Courtesy and personal conduct are key in Sir Thomas Wyatt's "Mine Own Jon Poins" and in the Earl of Surrey's "So cruel a prison how could betide. " What are the main differences between the ways Wyatt and Surrey treat these issues and the way they are treated in Sir Gawain and the Green Knight?
Wyatt may be best known for bringing the Italian sonnet to England; or for false charges against him when Henry VIII decided to execute Anne Boleyn. The King named several men as lovers, among them Wyatt, unfairly accused and killed with Anne.
Wyatt's writings were linked with Henry Howard, Earl of Surrey, as seen in the book entitled, The Works of Henry Howard, Earl of Surrey, and of Sir Thomas Wyatt, the Elder, printed in London by T. Bensley, in 1816. In this book, it is noted that Wyatt counted John Poins as a good friend; his poem takes issue life in at court in London.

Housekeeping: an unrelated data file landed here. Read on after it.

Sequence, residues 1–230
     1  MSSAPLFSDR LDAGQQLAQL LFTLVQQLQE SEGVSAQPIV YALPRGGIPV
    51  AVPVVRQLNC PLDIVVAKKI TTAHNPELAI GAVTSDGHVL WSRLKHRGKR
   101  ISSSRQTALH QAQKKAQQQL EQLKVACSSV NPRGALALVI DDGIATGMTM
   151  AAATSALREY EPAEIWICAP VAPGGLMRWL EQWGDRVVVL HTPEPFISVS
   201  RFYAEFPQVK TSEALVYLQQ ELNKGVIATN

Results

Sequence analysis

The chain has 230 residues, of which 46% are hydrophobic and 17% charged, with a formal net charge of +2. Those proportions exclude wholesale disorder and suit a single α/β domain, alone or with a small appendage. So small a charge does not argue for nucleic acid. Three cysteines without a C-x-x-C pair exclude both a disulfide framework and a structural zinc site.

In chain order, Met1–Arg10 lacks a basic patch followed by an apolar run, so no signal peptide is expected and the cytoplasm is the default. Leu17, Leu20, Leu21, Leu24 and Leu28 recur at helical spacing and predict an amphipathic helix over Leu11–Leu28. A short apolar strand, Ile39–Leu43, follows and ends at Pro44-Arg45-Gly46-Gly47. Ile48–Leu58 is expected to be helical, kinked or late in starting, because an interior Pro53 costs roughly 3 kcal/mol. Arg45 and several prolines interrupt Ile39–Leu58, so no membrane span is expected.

In his poem, Wyatt has many concerns, and they relate to "courtesy and personal conduct." In his writing to Poins, he says he is leaving London—returning to the country. (It was not uncommon for people to have a home in London and in the country; among other things, the country provided distance from politics and intrigue at court.)
In his poem, "Mine Own Jon Poins," Wyatt speaks clearly, telling Poins that he cannot...
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